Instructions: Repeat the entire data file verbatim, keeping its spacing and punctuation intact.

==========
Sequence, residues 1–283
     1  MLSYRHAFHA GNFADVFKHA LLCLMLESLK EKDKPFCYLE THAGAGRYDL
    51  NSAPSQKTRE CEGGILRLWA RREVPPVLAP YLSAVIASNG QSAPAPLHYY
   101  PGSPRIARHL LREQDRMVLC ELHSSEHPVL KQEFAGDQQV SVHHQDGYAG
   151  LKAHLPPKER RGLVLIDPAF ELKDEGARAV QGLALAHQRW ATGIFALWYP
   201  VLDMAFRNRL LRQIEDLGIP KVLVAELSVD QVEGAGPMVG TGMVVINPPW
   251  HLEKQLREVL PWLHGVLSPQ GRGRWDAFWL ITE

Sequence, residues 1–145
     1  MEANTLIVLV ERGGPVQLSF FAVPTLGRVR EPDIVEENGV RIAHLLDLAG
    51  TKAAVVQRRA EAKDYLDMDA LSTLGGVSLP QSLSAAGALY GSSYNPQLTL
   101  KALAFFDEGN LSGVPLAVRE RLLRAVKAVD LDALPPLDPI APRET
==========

Sequence, residues 1–283
     1  MLSYRHAFHA GNFADVFKHA LLCLMLESLK EKDKPFCYLE THAGAGRYDL
    51  NSAPSQKTRE CEGGILRLWA RREVPPVLAP YLSAVIASNG QSAPAPLHYY
   101  PGSPRIARHL LREQDRMVLC ELHSSEHPVL KQEFAGDQQV SVHHQDGYAG
   151  LKAHLPPKER RGLVLIDPAF ELKDEGARAV QGLALAHQRW ATGIFALWYP
   201  VLDMAFRNRL LRQIEDLGIP KVLVAELSVD QVEGAGPMVG TGMVVINPPW
   251  HLEKQLREVL PWLHGVLSPQ GRGRWDAFWL ITE

Sequence, residues 1–145
     1  MEANTLIVLV ERGGPVQLSF FAVPTLGRVR EPDIVEENGV RIAHLLDLAG
    51  TKAAVVQRRA EAKDYLDMDA LSTLGGVSLP QSLSAAGALY GSSYNPQLTL
   101  KALAFFDEGN LSGVPLAVRE RLLRAVKAVD LDALPPLDPI APRET